While Vettel's rivals try to stop him from extending his lead before the mid-season break, Pirelli hopes its much-lamented tires withstand the hot temperatures expected Sunday outside Budapest.
Last week, the teams held in-season testing sessions at Silverstone to assess new tires provided by Pirelli,. Several spectacular blowouts on the same circuit at the British Grand Prix in June prompted a strong response and boycott threat from drivers.
"We haven't asked for different tires, we have asked for tires that are safe," three-time defending champion Vettel said.
Under intense pressure, and following its own investigation, Pirelli decided that from this race until the end of the season, it will revert to last year's tires. Those tires are combined with the current compounds from this season.
Even before Silverstone, there were repeated problems—with the Spanish GP in May turning into a pit-stop procession as tires shredded like paper. At Silverstone, they exploded on four cars, including those of Lewis Hamilton and Felipe Massa. Drivers threatened to withdraw from the German Grand Prix if more blowouts occurred during the race.
Vettel won that race to open up a 34-point lead over two-time champion Fernando Alonso—who has not won since his 32nd career GP in front of his home fans in Barcelona. In the four races since, he has managed two podiums, fourth and seventh place, as Ferrari searches for consistency.
"The second half of the season will be extremely tough, lots of races in only a few weeks," Vettel said. "With the points system we have, obviously it's a very good position we are in at the moment."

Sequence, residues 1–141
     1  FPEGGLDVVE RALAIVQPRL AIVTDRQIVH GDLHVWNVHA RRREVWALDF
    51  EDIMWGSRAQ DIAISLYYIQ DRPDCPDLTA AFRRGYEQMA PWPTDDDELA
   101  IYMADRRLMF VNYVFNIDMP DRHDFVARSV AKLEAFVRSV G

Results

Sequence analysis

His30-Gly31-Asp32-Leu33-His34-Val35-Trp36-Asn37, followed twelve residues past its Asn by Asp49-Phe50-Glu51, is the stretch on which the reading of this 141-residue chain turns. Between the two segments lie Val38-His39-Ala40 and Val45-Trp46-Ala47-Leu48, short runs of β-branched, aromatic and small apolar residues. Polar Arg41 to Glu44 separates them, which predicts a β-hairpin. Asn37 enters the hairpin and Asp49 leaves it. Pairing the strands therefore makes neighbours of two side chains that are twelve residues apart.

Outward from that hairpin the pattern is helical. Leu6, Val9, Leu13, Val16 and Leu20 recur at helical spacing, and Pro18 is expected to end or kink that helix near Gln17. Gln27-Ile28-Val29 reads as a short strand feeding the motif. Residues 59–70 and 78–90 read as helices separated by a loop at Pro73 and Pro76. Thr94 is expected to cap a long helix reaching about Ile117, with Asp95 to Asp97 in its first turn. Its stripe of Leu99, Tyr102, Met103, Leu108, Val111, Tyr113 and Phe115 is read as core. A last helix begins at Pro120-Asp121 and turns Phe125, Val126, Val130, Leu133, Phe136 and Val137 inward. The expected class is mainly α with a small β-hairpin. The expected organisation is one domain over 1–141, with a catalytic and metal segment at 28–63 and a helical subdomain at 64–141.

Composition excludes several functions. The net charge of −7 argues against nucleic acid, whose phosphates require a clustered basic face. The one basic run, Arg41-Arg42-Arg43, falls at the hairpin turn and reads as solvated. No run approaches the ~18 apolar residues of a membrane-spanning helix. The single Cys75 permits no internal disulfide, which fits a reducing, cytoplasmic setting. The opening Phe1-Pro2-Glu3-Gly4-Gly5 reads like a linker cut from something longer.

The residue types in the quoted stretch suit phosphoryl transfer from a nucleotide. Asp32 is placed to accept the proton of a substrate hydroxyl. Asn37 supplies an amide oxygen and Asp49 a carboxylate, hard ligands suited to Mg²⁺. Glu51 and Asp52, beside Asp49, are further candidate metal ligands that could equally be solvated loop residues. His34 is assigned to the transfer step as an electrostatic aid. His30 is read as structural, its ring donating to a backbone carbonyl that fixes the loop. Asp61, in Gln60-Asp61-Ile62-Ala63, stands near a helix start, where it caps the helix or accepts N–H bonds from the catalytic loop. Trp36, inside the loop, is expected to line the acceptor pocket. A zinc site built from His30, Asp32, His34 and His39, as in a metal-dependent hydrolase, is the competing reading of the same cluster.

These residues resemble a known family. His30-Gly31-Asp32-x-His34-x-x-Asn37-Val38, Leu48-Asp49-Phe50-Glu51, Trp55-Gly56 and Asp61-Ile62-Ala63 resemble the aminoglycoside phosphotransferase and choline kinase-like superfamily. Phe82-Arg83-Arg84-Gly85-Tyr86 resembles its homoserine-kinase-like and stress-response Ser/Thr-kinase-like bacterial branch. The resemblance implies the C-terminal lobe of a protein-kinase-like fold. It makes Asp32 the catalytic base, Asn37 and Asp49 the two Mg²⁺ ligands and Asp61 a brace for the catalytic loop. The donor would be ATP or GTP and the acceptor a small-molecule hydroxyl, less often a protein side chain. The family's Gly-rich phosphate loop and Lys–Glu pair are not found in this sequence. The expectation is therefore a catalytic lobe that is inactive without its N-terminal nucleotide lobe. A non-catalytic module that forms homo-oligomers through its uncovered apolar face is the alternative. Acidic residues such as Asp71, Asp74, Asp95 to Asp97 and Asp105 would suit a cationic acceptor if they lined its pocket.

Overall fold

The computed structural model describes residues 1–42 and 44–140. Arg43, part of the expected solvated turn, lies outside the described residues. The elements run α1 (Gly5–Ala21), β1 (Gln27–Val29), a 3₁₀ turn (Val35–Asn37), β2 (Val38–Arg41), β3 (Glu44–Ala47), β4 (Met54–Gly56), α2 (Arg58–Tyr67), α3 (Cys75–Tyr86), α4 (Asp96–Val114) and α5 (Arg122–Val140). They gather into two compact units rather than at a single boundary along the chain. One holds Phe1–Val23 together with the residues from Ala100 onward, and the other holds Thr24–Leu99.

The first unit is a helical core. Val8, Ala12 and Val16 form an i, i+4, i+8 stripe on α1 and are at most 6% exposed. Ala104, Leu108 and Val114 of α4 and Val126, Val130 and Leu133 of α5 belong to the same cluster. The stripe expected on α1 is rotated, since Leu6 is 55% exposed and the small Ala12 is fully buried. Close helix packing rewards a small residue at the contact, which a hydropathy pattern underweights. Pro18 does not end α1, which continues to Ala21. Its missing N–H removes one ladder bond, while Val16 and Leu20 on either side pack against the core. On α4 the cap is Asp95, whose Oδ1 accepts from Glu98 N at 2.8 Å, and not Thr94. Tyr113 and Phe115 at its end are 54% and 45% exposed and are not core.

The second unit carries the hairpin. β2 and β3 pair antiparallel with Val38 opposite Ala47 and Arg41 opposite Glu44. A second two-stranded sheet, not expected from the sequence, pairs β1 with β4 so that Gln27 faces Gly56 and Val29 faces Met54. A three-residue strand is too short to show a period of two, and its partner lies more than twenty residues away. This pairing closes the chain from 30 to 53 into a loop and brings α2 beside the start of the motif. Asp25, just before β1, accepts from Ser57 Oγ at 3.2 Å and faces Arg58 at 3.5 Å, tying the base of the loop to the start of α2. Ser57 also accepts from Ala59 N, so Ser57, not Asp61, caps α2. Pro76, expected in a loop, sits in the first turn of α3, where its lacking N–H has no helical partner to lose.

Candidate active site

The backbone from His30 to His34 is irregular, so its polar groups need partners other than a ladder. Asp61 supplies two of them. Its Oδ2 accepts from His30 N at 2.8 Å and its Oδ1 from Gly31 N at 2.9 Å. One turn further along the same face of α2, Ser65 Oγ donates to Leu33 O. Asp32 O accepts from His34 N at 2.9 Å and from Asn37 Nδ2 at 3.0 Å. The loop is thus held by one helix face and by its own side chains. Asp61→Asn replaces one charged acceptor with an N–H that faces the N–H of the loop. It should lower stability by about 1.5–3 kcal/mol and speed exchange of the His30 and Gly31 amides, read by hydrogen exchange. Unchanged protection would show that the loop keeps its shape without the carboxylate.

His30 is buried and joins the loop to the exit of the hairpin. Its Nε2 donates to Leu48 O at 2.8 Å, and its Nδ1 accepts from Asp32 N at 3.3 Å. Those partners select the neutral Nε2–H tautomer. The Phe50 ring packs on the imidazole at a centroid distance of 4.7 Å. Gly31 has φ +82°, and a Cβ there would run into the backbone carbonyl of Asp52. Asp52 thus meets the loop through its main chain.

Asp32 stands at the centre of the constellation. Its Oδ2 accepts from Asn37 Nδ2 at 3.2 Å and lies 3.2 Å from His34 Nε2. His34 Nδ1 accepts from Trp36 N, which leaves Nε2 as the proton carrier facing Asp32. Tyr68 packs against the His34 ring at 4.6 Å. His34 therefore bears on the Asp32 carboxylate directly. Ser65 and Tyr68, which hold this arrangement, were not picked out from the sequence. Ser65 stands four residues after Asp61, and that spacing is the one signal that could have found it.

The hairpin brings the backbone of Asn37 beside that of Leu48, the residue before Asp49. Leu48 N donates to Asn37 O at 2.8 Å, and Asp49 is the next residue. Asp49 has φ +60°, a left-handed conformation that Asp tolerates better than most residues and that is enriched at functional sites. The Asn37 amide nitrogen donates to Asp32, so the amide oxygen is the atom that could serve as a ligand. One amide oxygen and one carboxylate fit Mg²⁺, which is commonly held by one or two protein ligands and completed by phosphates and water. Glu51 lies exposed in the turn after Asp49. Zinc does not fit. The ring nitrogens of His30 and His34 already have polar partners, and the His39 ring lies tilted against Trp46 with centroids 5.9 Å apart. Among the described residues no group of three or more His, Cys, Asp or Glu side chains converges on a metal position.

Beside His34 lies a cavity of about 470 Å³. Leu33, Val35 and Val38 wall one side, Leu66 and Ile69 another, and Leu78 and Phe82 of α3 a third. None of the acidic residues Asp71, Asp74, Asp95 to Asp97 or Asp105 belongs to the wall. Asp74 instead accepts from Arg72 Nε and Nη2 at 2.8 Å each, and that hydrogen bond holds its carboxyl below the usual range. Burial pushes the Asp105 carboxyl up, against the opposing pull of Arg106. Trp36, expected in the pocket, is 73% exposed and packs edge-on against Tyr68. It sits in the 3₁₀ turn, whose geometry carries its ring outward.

If all goes to plan, drivers will have to focus only on racing this weekend after efforts by Pirelli and FIA to appease tensions led to in-season testing on July 17-19 at Silverstone.
The testing was open to all drivers except Hamilton and Nico Rosberg because Mercedes was excluded as a punishment for holding unsanctioned tire tests after the Spanish GP. Pirelli will provide medium and soft tires for the Hungaroring.
"It would definitely help if we were there," Hamilton said. "(To) have an understanding of how to set the car up with the new tires and see what characteristics they have and how they behave on long runs."
Mercedes has excelled in qualifying—starting five of the last six races from pole position—but lacks speed over an entire race. Rosberg has two GP wins, both from the front of the grid, while Hamilton has none.
"We've got a lot of work to do to continue our race pace," Hamilton said.
Lotus, one of the teams that had the least amount of trouble with tire degradation, did not test the Pirellis at Silverstone, choosing instead to let their young drivers test race.
"It was better for the team," Raikkonen said.
Vettel does not read too much into the Silverstone testing, either.
"The test last week was very limited with what we could do with the car," Vettel said. "We probably didn't learn that much. We couldn't really change anything on the car."
On Thursday, Pirelli announced the compounds for the first three races after the four-week break. Medium and hard tires will be used at both Spa and Monza for the Belgian and Italian GPs, with supersoft and mediums for the nighttime Singapore GP, where the supersofts are ideal on the tight and twisty track.
With 14 corners and short straights, the Hungaroring is the second most difficult track to overtake on after Monaco.
A hot, sunny day is forecast for the race Sunday with temperatures expected to reach 104 degrees.
Since winning in Hungary in 2005, Raikkonen has been second at the Hungaroring three times and third once.
The Finn still has an outside shot of winning his second F1 title, 41 points behind Vettel in third place. But Hamilton, whose win in Hungary last year was his third on the Hungaroring, has not finished higher than third so far this season and trails Vettel by 58 points.